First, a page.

Another huge piece of Chinese space debris is falling to Earth. “Well, here it is again,” experts say.

Another Chinese launch, another unguided re-entry.

The Chinese Manned Space Agency (CSMA) launched the third and final module of the Tiangong space station on Monday (October 31) using a Long March 5V launch vehicle. As with previous Long March 5B launches, China did not perform a controlled deorbit of the rocket’s main stage after its payload was deployed. This means that in the coming days, the 23-tonne (21 metric tons) body of a Chinese rocket will fall to Earth over a place that has yet to be determined.

“For those who have followed previous versions of this: here it is again,” said Ted Mühlhaupt, a consultant to the aerospace corporation’s chief engineer department, during a briefing on Wednesday (November 2) that discussed the upcoming space launch. garbage accident and what can be done in the future to prevent such incidents.

While Mühlhaupt was quick to point out that “no one should change their lives because of this”, he also pointed out that “88% of the world’s population is in danger and therefore 7 billion people are in danger” due to China’s space garbage. fall on them.

RELATED: Chinese launch next week to set the stage for another major space debris accident

Aerospace Corporation’s panel of experts made sure to note that they were not trying to fan the event or create a panic. “The answer is that today you have a much better chance of winning the lottery than getting hit by this facility,” Mühlhaupt said. “The risk to a person is six in 10 trillion. It’s really a small number.”

Visualization of possible fall paths for the Long March 5B rocket body. Possible re-entry points lie anywhere along the blue and yellow ground tracks. Areas not under the lines are not affected by debris. (Image credit: Aerospace Corporation)

This is not the first such case. In July, 5.5 to 9.9 tons (5 to 9 metric tons) of another Long March 5B crashed into the Indian Ocean after falling through Earth’s atmosphere. Another Long March 5B crashed into the Indian Ocean in April 2021 after the Chinese space agency failed to perform a controlled deorbit. And in 2020, after the rocket’s debut launch, pieces of the rocket’s main stage reportedly fell to the ground in Côte d’Ivoire.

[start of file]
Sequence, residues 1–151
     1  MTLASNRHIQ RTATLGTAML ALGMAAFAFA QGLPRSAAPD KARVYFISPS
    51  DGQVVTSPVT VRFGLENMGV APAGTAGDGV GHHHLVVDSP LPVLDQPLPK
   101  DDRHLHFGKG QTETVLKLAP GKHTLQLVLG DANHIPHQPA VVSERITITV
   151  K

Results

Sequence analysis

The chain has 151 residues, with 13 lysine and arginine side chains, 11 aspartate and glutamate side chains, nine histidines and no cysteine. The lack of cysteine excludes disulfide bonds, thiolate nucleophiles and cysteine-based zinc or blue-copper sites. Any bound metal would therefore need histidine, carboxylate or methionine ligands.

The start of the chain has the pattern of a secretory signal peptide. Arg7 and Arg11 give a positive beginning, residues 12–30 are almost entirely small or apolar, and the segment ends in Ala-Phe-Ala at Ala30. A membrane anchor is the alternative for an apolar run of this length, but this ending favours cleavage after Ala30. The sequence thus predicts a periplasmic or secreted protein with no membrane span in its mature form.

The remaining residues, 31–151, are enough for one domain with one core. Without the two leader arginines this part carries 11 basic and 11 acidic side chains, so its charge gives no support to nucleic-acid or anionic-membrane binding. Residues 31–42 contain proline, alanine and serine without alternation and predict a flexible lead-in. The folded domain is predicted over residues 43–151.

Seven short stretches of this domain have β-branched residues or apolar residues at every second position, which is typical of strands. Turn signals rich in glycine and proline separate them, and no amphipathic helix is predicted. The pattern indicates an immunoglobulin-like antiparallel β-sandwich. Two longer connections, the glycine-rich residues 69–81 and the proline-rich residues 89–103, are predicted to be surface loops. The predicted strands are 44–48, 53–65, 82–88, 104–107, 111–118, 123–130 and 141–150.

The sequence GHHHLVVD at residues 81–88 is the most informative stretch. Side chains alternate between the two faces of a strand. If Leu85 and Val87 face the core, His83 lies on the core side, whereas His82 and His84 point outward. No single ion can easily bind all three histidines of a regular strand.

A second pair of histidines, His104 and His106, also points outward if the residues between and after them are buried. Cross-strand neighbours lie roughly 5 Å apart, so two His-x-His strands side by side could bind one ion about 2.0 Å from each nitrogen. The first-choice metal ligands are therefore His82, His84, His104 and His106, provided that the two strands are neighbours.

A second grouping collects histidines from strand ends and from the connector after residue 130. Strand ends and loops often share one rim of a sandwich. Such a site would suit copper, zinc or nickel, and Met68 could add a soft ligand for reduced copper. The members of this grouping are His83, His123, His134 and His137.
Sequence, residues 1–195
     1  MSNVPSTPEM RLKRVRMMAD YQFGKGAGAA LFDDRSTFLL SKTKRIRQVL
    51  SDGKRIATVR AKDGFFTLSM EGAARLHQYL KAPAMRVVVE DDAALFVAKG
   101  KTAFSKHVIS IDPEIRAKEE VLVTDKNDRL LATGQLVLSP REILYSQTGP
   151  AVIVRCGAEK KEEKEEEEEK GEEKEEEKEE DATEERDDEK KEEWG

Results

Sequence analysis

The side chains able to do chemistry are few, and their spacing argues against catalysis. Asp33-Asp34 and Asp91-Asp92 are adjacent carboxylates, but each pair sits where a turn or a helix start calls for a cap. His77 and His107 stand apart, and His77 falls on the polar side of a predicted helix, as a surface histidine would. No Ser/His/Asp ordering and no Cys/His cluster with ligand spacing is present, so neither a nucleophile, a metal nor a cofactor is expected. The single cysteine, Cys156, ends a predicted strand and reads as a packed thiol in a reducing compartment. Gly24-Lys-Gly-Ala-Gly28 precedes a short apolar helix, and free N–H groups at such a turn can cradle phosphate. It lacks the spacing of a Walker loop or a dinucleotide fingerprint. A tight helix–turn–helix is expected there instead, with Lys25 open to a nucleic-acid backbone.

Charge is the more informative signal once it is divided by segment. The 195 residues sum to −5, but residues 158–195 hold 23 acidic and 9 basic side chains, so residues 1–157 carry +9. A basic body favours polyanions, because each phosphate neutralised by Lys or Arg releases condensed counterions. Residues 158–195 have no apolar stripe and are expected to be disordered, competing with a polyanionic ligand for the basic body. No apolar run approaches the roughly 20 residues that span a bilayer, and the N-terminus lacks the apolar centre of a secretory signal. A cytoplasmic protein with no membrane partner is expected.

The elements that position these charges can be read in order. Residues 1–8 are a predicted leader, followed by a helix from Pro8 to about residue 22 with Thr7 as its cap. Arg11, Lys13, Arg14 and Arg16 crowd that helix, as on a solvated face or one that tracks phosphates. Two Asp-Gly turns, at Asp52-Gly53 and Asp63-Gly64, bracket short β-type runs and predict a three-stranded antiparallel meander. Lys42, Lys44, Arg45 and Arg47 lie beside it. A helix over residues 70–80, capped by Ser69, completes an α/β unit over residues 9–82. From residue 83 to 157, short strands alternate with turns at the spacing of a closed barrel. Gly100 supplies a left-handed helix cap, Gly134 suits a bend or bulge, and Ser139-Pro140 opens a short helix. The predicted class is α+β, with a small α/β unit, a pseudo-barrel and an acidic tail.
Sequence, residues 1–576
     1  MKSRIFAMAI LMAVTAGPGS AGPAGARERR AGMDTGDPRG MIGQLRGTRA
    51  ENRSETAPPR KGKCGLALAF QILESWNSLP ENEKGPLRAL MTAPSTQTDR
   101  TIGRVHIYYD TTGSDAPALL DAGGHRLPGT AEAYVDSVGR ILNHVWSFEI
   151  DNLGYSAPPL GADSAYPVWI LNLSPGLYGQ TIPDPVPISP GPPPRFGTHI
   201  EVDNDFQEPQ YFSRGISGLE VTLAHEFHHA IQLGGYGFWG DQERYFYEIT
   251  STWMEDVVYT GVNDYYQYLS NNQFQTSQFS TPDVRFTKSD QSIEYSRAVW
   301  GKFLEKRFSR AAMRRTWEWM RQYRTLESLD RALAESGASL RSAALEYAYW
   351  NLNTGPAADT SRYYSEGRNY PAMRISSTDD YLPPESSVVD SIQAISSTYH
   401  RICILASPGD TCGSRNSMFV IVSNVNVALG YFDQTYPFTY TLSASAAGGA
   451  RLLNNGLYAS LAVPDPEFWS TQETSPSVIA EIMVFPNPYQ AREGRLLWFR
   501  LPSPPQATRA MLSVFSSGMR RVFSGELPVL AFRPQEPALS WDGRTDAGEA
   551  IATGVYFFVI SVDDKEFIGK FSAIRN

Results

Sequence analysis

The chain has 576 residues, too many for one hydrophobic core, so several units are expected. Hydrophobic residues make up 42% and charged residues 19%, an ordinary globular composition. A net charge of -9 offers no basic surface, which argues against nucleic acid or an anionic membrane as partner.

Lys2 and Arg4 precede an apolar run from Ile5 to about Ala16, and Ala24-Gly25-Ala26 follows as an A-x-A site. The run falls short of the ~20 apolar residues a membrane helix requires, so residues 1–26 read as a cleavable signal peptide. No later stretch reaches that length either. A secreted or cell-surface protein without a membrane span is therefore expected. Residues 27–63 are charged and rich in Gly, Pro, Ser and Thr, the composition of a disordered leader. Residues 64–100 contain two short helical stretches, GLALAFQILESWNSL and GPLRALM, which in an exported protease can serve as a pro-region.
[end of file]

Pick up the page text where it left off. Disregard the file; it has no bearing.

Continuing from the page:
(Most rockets are designed so that their main stages fall into the ocean or over unoccupied land shortly after launch, or return to Earth for a safe landing, in the case of SpaceX ships. But the Long March 5B main stage reaches orbit, and China allows it to stay in raised state until dragging lowers it in an uncontrolled manner.)

As more of these uncontrolled Chinese re-entries occur, more and more voices are calling for the establishment of international laws or regulations to prevent such incidents. Marlon Sorge, Executive Director, Aerospace Corporation’s Center for Orbital and Returning Debris Research (CORDS) (will open in a new tab)), said during today’s briefing that international laws are unclear when it comes to these types of re-entries. “The reality is that internationally there are no real laws, no treaties that govern what you are allowed to do in terms of re-entry,” Sorge said. “So there really is no direct legal way to control what happens internationally.”

For their part, neither the Chinese National Space Agency nor any other official government body has responded to Aerospace Corporation’s regular tracking and reports of falling Long March 5B rocket bodies. Mühlhaupt said he was unaware of “any direct Chinese comments about the aerospace industry,” though he “saw general comments about the West overhyping it.” Sorge said the Chinese government “made a few comments in the press at one point, but mostly no.”

“I mean, really the point of Aerospace here is just to report what’s going on – make sure the people you know are informed; they understand that they have a realistic view of the situation,” Sorge added. “There’s not much to argue about.”

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